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The Knowledge Exchange is part of a week-long Regional SDG Forum hosted by UNDP in Bangkok from 21 to 27 October. The Forum features also a conference on youth engagement in SDG implementation and a meeting on finance for development focused on how countries can mobilize the required financing for the envisioned transformation to sustainability.
23 October 2016, Jalalabad City, Nangarhar – In a very ordinary hostel in Jalalabad, something extraordinary is going on. A young woman is sitting on her hostel bed, bent over a textbook.
This is Abida and she is training to be a nurse in a country where most women haven’t even finished primary school.
Abida has just finished a long day of classwork and on-the-job training. She’s exhausted, but determined to carry on because nurses are hard to find in her home village, more than 100 kilometres away in Nuristan. In this isolated province, woman commonly die because basic healthcare is unavailable – either because there are no doctors or because women are not allowed to be treated by a man. Thinking about this situation keeps Abida going when her eyes are heavy and her brain numb.
Human security remains Afghanistan’s major challenge to development. However, Afghans are more optimistic about their future than in the past. You can see that optimism in our bustling, energetic cities.
UNDP supports the people of Afghanistan as they face old challenges and work to achieve the new Sustainable Development Goals by 2030.
See these 17 inspiring ways Afghans are improving their cities and contributing to the SDGs, with a little help from UNDP.
Afghanistan is one of the most vulnerable countries for climate change; even here, in beautiful, mountainous Panjshir province.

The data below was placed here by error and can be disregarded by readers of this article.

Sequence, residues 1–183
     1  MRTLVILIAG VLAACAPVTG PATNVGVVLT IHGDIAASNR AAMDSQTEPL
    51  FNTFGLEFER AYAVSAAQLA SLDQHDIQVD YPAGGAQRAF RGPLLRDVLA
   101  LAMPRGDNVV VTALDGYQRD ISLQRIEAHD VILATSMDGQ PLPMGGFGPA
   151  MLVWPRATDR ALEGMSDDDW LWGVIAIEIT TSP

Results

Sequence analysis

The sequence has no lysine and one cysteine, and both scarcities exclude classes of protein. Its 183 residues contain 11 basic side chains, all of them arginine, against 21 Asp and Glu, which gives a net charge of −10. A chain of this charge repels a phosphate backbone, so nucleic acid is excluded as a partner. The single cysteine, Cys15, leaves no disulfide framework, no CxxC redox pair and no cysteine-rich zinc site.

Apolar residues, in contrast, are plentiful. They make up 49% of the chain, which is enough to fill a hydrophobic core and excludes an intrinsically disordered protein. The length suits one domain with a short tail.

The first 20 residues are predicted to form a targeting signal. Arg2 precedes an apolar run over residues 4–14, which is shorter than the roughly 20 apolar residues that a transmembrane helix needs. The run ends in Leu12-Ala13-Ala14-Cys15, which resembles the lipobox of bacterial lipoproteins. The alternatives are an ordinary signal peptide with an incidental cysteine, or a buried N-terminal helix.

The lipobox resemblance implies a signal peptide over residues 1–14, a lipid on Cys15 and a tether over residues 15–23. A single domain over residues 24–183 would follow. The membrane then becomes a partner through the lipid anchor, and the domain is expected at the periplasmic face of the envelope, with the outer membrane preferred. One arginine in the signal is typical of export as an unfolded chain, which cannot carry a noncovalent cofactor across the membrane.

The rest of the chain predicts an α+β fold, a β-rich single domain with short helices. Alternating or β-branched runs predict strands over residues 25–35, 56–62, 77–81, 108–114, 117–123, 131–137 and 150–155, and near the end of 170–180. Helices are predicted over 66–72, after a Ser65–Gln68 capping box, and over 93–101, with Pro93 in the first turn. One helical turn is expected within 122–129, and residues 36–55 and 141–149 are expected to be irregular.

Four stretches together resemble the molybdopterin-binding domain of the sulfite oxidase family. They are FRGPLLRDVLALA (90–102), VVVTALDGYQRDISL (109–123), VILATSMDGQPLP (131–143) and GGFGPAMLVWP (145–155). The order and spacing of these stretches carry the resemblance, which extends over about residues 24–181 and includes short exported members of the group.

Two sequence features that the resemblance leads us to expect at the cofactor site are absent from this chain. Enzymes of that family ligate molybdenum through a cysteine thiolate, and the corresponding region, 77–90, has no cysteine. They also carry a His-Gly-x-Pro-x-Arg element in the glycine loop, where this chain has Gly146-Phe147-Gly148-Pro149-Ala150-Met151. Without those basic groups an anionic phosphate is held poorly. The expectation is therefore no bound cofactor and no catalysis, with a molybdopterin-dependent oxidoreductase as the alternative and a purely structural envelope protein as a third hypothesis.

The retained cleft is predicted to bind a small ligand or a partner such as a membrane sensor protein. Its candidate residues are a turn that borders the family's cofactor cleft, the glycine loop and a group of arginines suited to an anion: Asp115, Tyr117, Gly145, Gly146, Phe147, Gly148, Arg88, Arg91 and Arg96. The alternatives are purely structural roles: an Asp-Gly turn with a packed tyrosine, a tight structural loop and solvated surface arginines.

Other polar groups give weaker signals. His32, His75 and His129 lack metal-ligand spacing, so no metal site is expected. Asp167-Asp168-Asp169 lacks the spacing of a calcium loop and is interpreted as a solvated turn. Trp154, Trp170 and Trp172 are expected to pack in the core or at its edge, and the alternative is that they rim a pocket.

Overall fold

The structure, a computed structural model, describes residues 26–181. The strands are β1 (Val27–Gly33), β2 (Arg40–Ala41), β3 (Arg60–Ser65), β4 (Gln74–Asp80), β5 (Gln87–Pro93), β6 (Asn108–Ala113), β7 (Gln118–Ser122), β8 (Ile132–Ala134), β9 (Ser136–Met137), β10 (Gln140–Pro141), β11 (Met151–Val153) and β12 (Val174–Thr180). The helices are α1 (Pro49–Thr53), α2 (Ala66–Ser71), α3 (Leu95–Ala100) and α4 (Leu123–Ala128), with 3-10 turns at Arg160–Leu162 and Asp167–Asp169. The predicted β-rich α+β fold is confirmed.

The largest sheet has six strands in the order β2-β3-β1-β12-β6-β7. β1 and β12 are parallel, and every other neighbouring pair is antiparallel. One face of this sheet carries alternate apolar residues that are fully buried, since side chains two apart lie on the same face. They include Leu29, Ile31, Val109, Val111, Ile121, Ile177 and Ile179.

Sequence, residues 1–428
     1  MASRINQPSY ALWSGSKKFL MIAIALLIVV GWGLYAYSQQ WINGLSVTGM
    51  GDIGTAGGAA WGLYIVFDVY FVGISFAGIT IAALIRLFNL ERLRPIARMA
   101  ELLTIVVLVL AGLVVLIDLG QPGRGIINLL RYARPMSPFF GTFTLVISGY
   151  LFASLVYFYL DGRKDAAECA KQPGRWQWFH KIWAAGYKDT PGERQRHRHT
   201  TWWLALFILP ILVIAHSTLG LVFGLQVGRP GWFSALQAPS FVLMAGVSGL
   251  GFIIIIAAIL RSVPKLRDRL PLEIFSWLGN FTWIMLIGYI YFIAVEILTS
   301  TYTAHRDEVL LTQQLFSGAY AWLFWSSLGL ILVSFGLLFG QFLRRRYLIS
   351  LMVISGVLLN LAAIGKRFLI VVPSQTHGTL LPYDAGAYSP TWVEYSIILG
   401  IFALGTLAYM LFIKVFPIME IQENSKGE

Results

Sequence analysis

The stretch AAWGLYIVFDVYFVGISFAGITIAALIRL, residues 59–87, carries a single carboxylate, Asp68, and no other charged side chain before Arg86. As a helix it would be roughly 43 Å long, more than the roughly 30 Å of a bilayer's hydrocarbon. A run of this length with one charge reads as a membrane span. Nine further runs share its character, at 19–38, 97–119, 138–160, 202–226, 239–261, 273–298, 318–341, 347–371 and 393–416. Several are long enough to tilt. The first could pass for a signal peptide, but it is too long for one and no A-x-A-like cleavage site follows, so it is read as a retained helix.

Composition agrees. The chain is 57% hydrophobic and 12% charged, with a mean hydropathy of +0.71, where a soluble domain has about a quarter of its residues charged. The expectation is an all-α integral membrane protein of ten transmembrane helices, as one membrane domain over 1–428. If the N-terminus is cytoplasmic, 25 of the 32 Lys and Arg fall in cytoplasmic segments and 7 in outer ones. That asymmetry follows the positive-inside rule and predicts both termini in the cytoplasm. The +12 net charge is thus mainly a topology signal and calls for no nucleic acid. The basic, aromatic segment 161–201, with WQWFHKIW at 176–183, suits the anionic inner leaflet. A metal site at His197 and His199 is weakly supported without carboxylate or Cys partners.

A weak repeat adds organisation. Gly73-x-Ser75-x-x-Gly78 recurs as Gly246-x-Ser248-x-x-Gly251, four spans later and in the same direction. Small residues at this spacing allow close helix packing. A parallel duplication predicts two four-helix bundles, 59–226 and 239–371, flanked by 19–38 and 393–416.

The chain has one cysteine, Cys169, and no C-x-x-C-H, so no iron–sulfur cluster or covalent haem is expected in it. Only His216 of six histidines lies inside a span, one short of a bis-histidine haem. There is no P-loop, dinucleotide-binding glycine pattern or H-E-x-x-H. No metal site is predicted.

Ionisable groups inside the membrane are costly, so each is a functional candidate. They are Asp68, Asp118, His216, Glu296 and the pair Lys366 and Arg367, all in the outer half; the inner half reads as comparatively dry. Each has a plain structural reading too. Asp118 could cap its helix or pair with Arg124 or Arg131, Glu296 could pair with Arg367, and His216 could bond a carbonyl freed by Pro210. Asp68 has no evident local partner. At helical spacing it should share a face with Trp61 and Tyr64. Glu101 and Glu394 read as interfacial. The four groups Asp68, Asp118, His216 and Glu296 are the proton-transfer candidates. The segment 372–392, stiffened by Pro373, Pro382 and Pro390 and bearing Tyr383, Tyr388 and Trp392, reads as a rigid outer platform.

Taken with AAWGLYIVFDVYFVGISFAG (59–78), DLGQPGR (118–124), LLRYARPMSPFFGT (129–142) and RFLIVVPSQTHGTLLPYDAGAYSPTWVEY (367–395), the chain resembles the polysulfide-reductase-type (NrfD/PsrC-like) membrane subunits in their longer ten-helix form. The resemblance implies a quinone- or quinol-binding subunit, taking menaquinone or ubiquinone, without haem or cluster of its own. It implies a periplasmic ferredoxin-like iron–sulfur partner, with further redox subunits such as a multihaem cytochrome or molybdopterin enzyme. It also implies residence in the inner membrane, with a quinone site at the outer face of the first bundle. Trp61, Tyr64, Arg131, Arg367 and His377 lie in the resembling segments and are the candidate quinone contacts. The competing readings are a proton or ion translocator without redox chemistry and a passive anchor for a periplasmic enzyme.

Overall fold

The Panjshir valley starts about 2 hours’ drive from Kabul and winds north into the Hindu Kush. Isolated and poor, its 140,000 people, mostly farmers, get by on a string of small-scale farms by the side of the river or hacked into the mountainsides. Their lives have always been hard, but they are made even more difficult by desertification and regular floods.
Bamyan, 9 October 2016 – Bamyan, in central Afghanistan, is a province of snow-capped mountains and difficult travel. But it’s not just the rugged terrain that keeps girls from going to school and taking part in sports. The mind also has mountains that girls need to climb if they want to get equal treatment.
“At first, the villagers were really annoying, telling me that a girl in sports clothes is against Islam and our culture,” says 18-year-old Masooma, who just wanted to go skiing. “They said, ‘Girls don’t have the right to ski – only boys can do sport. Girls are born to learn household chores, like cooking and cleaning.’”
21 September 2016, Dara Noor, Jalalabad – For most rural Afghans, having a cup of tea, or a bath, or a warm house means you have to cut down some trees. With mains power covering only 35% of the countryside, wood remains the primary source of heat and fuel.
15 August 2016, Jalalabad – The Gamberi Desert, on the outskirts of Jalalabad, is home to 1,000 families. It’s a land of extremes: harsh, dry, sandy, and hot, making life a struggle for the people who live there.
Many years ago, it was different. The Gamberi Desert was a forest of indigenous bushes that held the soil together and allowed life to grow. But decades of conflict and poverty forced communities to cut down the bushes and use the wood cooking and heating. Deforestation led to desertification, sand storms and the erosion of agricultural fields.
6 September 2016 – Haoliang Xu, UNDP Administrator and Chair of the UN Development Group, has concluded a five-day visit to Afghanistan where he met with the CEO Abdullah Abdullah, other senior government officials, development partners, UNDP Staff, and ongoing UNDP projects.
September 5 2016, Kabul – Yesterday, on the occasion of the visit to Kabul of UNDP Regional Director in Asia and the Pacific, Mr. Haoliang Xu, the Ministry of Economy (MoEC) of the Government of Afghanistan hosted a roundtable discussion on the Sustainable Development Goals (SDGs).
August 2016, Kabul – This week, UNDP and the Australian Government kicked off several new projects to improve life and job prospects for the 300 residents of Alice Ghan, a camp for internally displaced people (IDPs) about an hour’s drive from Kabul.